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09/17/2018 255 views

I have an SDA installed at a remote site.  The only accessible DHCP server at the site has its scope configured so Option 66 was for the local SDA.

When deploying a scripted install we notices that the deployment was incredibly slow.  While the image was deploying we ran a CTRL+ALT+DEL to bring up Task Manager and opened another command window to see where the drive letters were mapped.  The drive mappings were pointed to the main K2000 at the home office, not the local RSA.  We also only sync select scripts to the local RSAs at each site, however at this site the tech mentioned that they were able to see all the scripts. 

Is there a setting that would cause the remote RSA to redirect the local clients back to the main K2000?


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Comments

  • Have you synced and replicated the scripted install from the main SDA to the RSA?
    • It shows that the 2 scripted installs are complete. Because of the speed of the connection to the remote site it did take almost 24 hours to sync out and I did run the first test image about 30 min after the sync completed. Maybe I will wait for another sync to run tonight.


Community Chosen Answer

1
The DHCP server (which is according to your question also serving the remote site) only nows the main SDA.

You have two options:
1. setup a DHCP server on the remote site (the RSA has one on board if it is sufficient) and let it handle the remote site
2. build your own KBE for every location where the IP/DNS name of the SDA/RSA is hard coded.
You can use the KBE manipulator to manipulate these settings
Answered 09/18/2018 by: Nico_K
Red Belt

  • Sorry, I may not have been clear. There is a DHCP server at the remote site and it is pointing to the correct RSA. I just meant to say that the site was definitely not getting DHCP from anywhere else.

    Non of the other remote sites have this behavior.
    • That DHCP or a Rogue DHCP is sending the devices to the main SDA.

      OR

      The devices are unable to reach that Remote Site, and they are using the main SDA IP as fallback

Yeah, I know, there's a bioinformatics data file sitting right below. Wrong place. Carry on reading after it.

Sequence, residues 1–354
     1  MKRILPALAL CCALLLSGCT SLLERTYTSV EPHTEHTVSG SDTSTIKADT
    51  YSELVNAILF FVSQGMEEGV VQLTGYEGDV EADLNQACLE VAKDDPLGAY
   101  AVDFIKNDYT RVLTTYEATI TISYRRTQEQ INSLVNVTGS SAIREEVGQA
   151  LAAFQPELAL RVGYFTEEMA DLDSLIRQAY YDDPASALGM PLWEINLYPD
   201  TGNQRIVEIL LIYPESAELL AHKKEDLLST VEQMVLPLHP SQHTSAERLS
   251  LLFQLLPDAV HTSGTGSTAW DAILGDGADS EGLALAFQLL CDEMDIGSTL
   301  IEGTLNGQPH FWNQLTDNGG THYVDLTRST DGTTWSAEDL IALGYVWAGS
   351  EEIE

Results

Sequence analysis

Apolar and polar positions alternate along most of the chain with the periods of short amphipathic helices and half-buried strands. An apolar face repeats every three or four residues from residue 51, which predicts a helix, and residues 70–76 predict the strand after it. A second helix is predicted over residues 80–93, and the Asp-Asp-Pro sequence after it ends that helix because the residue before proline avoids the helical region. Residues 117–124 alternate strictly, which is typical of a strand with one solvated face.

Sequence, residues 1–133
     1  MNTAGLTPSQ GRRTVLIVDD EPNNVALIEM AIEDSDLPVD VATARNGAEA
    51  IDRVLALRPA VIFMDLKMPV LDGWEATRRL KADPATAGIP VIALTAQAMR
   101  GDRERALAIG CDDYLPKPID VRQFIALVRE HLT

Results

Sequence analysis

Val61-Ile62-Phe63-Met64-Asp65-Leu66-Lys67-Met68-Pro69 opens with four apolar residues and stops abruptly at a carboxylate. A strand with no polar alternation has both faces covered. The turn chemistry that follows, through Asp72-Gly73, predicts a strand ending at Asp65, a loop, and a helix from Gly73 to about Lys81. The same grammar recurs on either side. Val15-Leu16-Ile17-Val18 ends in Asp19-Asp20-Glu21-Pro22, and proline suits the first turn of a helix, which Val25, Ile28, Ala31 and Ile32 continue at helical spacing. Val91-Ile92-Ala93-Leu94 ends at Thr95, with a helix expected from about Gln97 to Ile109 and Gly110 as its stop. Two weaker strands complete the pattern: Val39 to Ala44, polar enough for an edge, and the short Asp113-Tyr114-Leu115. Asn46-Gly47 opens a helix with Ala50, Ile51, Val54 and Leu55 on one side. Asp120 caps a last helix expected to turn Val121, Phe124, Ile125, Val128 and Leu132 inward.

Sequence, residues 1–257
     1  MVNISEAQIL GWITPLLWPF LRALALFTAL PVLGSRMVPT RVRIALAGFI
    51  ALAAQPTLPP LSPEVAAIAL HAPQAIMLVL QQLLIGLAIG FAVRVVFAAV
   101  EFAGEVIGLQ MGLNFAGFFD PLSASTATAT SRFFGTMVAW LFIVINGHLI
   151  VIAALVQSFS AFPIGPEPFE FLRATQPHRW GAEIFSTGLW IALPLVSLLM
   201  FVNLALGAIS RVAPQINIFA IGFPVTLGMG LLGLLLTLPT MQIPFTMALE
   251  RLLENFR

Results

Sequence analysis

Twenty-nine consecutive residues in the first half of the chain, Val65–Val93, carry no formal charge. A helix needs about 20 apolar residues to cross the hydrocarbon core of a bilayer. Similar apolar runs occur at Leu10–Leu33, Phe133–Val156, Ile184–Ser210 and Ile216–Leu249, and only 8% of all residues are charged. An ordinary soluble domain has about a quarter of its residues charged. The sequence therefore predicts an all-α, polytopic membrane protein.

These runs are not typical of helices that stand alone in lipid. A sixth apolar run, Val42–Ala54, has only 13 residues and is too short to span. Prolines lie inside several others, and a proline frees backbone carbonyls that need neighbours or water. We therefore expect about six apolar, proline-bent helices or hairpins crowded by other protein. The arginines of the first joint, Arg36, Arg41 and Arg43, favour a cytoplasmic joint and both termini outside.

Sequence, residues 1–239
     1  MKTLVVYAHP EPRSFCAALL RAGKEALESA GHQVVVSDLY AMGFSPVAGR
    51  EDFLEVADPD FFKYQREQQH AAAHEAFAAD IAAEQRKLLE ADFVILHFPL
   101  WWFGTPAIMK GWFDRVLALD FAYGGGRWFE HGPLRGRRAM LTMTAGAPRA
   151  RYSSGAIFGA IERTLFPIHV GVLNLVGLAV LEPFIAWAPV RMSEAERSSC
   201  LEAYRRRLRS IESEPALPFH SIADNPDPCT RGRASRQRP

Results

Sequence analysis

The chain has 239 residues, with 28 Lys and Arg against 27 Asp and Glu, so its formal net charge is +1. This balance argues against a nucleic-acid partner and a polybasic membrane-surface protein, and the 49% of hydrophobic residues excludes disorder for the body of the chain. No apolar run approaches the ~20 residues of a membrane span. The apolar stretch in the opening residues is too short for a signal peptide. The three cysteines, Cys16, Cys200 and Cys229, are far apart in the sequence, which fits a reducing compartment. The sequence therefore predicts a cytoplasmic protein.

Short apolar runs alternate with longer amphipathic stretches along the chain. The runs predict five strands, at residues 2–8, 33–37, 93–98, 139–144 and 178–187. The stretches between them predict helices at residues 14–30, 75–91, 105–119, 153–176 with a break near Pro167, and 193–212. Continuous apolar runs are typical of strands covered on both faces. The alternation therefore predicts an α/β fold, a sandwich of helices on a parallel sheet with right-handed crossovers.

• Having option 66 and 67 configured and pointing to the to the main K2000 would be very unlikely. When I was checking where the drives were mapped during the scripted install I did and IPCONFIG and verified it was using my DHCP and that 66 and 67 were pointing to the correct RSA.

        I know the K1000 has a "fall back" setting if the local share is not reachable, but does the RSA have this for the K2000? That would explain it. Where is this setting located?
      • "Having option 66 and 67 configured and pointing to the to the main K2000 would be very unlikely"

        Negative there, that could be the cause, your DHCP on that RSA's network or a Rogue DHCP over there, is forwarding iPXE attempts to the main SDA, double check your option 66 only.

        Also, go to the main SDA logs, Settings > Logs > File Servers, Open the TFTP transfer Log.

        That log audits any incoming iPXE request from a DHCP, there is one for each appliance (SDA and RSAs).

        Do you see any device IP address from the RSA site?

        Same applies to the TFTP log located in the RSA, it should show your iPXE boot attempts there at the RSA office, not in the main SDA TFTP logs.

        Unfortunately, there isn't an option to do that, the KBEs remember the IP were they were born, if the RSA is unreachable, they will automatically reach their "mother" as fallback.

        Unless you create a Static IP KBE with KBE Manipulator
      • OK, so since the DHCP on the remote site with the RSA is definitely pointing to the RSA and no other DHCPs are reachable over the WAN, it must be falling back to the main K2000 for some reason.

        I am going to try putting in a firewall rule that only allows the RSA at the remote site to speak to the main K2000. No clients at the remote site should be trying to access it directly. I will see if this prevents clients from trying to access the main K2000
      • @JordanNolan

        Review your RSA's TFTP Transfer Log, make sure the DHCP RRQ -request-- attempts are registered there, check the IP and time stamps.

        If that TFTP log is idle, or doesn't show your PXE attempts, your DHCP is not contacting that RSA , but the main SDA. (formerly known as K2000)

All Answers

0

Are you on version 6 of the k2000.

Have you updated your dhcp option 67 to the latest string on your remote site dhcp.

As you can find in the release notes, if you are trying to boot with PXELinux which was retired with 6.0 (and only as alternate since 4.0) in favour for the much faster (usually 2-4 times), more reliable and more secure iPXE.

Just a hunch , but refer to this article....

https://support.quest.com/kace-systems-deployment-appliance/kb/259186/error-message-cannot-find-bootfile-after-upgrading-to-sda-version-6-0

So .........if you have updated to the latest version.........

and....... if you haven't updated the remote site dhcp settings......

then maybe your devices are trying to pxe boot into your remore site dhcp settings , and failing........thereby failing over to the main SDA.



Answered 09/19/2018 by: akmagnum
Red Belt

  • I am still on version 5.1. I am using K2000.0 as the boot file. We did not get any errors.
-2
Go to Deployments > Remote Sites > Choose your remote site > scroll down to Boot Env > Choose default next to the RSA's KBE and then you can uncheck the main KBE. 

Save and Sync. 

If you haven't built a KBE for the RSA you need to do that first. 
Answered 09/18/2018 by: cnielsen04
White Belt

  • I never had to build a site specific KBE for any of the RSA's I have deployed. Should that be necessary?
  • I have never had to build site specific KBE's either. Just replicating them from the main SDA to the RSA should do it.